Posted By RichC on February 15, 2020
While emailing my daughter this week about taking her “long living” bunny, Pumpy Umpy to the vet (injury and can’t move his leg), I mentioned that I eventually had to take Tootsie to the Butler County Humane Society as a way to prep for her eventual decision. I ended up seeing this “Keep in touch” image when scrolling down on the front page.
Who knows what the right call is for Katelyn’s rabbit, but for me and after several trips to the vet for Tootsie, I decided that being a dog who is deaf (she was a long time – known issue for Australian Cattle Dogs) and being 17 years old and almost blind (hard to find the edge of pool and falls in) was not a happy life. The final failure was that she was no longer able to hold her bowels and likely had colon cancer.
Deafness: Australian Cattle Dogs have been known to suffer from congenital hereditary sensorineural deafness (CHSD), or rather deafness that is inherited rather than acquired through illness. CHSD occurs shortly after birth before the ear canal opens. The exact cause is unknown, but it is believed that an inadequate blood flow to the cochlea results in death of the sensory nervous cells, resulting in total deafness. As the name suggests, CHSD is an inherited disease. Researchers are not yet sure whether the gene carrying CHSD is recessive or dominant, so when looking to adopt an Australian Cattle Dog inquire with the breeder whether deafness runs on either side of their line.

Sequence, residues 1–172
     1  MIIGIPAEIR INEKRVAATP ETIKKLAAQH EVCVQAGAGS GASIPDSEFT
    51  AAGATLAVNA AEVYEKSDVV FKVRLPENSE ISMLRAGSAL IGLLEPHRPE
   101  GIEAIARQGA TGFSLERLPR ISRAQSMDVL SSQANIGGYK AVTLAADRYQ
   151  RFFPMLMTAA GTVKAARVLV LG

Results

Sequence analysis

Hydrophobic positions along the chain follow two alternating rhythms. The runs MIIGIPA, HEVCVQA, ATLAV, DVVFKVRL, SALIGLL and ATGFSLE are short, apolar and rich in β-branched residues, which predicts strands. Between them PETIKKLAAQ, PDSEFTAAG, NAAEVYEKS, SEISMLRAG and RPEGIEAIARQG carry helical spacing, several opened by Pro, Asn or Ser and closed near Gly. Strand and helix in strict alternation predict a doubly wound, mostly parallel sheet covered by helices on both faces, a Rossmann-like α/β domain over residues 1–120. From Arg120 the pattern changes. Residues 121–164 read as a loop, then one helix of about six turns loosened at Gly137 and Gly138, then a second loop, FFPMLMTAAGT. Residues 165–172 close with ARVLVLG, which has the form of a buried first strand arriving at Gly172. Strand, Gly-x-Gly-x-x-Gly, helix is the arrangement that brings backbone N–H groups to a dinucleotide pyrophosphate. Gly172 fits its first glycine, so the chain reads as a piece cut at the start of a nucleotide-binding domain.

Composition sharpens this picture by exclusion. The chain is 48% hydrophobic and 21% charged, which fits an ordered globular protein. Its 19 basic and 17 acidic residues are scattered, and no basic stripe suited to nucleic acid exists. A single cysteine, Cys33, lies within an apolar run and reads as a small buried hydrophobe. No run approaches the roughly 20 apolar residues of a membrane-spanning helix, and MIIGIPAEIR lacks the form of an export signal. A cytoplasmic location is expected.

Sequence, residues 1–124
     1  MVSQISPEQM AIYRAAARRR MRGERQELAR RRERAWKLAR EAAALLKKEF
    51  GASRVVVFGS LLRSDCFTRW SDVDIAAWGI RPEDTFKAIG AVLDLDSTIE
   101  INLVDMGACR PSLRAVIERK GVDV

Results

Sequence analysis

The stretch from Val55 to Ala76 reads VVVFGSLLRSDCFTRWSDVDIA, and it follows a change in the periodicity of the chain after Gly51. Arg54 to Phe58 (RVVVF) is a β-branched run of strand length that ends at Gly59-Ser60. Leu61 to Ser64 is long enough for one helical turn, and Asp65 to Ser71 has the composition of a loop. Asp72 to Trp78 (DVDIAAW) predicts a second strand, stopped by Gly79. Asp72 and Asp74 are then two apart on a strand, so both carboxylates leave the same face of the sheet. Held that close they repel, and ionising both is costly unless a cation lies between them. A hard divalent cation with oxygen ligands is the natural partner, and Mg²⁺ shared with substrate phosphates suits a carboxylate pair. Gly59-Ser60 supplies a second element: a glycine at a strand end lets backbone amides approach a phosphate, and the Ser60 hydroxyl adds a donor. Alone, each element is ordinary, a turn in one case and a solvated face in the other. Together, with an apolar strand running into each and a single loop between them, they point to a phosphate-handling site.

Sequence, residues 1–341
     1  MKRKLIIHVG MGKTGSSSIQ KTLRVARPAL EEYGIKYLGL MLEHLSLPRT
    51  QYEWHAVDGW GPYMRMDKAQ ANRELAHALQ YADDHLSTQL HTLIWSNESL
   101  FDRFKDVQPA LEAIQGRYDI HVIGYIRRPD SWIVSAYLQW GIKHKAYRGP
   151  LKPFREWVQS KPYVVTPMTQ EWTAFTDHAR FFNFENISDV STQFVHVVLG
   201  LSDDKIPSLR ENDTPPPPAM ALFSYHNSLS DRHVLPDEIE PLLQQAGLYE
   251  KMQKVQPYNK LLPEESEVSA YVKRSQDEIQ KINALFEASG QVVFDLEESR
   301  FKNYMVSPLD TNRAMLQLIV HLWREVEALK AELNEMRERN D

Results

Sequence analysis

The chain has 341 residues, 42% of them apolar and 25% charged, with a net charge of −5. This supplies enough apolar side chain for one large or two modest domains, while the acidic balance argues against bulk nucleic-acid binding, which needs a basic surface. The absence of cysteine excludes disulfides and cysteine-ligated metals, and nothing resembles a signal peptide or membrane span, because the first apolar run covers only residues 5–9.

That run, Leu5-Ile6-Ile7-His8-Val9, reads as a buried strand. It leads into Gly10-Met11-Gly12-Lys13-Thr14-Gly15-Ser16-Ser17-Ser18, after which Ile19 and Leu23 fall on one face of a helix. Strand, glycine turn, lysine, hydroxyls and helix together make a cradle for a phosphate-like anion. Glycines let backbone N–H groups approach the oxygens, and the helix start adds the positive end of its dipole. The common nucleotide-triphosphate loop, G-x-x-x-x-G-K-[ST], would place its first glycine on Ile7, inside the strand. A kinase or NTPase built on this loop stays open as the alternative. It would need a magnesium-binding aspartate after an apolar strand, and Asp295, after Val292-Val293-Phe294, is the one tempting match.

Pumpy Umpy on the left in our poolhouse and Katelyn with his new hutch in 2013.